In order to promote the persistence and possible spread of extremely rare plant species, ecologists need to know why a species is rare in the first place. In 1986, Deborah Rabinowitz identified seven forms of rarity, where rarity could mean several things depending on range size, habitat specificity and population sizes. When considering rarity, it often feels intuitive to look for environmental causes for these different forms of rarity. Habitat alteration is an obvious environmental change that affects abundance and distribution, but are rare species generally limited by habitat or resource availability? The alternative cause of rarity could just be that sufficient habitat exists, but that the rare species is simply unable to find or disperse to other sites. An extreme example of this would be the Devil's Hole pupfish which exists at only a single pool. It can survive elsewhere (such as in artificial tanks) but natural dispersal is impossible as its pool is in a desert.
In a recent paper by Birgit Seifert and Markus Fischer in Biological Conservation, they examine whether an endangered plant, Armeria maritima subsp. elongata, was limited because of a lack of habitats or if it was dispersal limited. They collected seeds from eight populations and experimentally added these seeds to their original populations and to uninhabited, but apparently appropriate sites. They found that seeds germinated equally well in inhabited and uninhabited sites and seedlings had similar survivorships. They found that variation in germination rates were likely caused by originating population size and that low genetic diversity and inbreeding reduce viability.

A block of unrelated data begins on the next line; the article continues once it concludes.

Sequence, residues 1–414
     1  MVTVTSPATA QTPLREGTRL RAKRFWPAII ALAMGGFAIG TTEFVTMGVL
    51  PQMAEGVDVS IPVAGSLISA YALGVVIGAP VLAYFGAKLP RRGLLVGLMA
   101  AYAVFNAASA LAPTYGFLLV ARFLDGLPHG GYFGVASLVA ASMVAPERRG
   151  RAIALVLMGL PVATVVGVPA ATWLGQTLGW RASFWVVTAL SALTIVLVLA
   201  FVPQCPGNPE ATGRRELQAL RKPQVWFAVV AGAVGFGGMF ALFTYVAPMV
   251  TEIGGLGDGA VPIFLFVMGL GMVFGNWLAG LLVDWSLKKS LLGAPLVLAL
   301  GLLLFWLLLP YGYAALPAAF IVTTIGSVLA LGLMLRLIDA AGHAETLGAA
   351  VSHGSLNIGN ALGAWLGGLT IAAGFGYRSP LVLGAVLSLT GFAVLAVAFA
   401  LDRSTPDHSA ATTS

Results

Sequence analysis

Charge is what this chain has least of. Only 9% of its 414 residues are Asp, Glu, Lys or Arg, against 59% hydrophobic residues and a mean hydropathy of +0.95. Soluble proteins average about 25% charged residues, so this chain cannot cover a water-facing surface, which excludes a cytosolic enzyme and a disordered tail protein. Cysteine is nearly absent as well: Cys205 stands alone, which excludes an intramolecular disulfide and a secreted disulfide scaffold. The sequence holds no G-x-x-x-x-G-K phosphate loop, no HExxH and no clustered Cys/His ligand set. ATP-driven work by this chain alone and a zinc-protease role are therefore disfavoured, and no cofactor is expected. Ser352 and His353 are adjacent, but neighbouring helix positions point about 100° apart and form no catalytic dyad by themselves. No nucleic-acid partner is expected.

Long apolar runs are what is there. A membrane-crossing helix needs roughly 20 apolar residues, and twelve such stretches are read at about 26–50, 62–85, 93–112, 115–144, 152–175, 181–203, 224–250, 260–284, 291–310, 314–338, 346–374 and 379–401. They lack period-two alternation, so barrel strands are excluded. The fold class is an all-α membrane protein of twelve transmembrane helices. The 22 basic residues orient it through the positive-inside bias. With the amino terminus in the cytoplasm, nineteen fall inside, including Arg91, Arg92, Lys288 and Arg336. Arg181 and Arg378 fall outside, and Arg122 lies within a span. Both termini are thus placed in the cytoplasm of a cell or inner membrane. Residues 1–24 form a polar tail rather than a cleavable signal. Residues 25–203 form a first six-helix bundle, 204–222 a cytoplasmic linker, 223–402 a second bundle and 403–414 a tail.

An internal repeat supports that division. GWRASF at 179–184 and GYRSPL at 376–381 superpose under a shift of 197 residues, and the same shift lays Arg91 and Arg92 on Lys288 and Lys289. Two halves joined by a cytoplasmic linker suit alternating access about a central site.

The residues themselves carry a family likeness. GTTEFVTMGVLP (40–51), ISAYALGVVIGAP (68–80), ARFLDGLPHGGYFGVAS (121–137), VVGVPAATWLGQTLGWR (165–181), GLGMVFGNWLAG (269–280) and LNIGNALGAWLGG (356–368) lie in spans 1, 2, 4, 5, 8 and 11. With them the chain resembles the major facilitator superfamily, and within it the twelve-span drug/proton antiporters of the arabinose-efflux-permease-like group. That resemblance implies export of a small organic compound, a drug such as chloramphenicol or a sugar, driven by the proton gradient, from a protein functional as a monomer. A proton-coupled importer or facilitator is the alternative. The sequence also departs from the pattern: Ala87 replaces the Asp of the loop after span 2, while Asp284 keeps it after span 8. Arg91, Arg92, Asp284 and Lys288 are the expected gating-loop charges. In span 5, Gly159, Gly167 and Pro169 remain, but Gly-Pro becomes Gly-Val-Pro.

These results reinforce two things. First is that conserving species may only require specific activities, such as collect and distributing seeds. Here ideas like assisted migration seem like valuable conservation strategies. Secondly, we really need to be doing these simple experiments to better understand why species are rare. If we fail to understand the causes of rarity, we may be wasting valuable resources when try to protect rare species.
Seifert, B., & Fischer, M. (2010). Experimental establishment of a declining dry-grassland flagship species in relation to seed origin and target environment Biological Conservation DOI: 10.1016/j.biocon.2010.02.028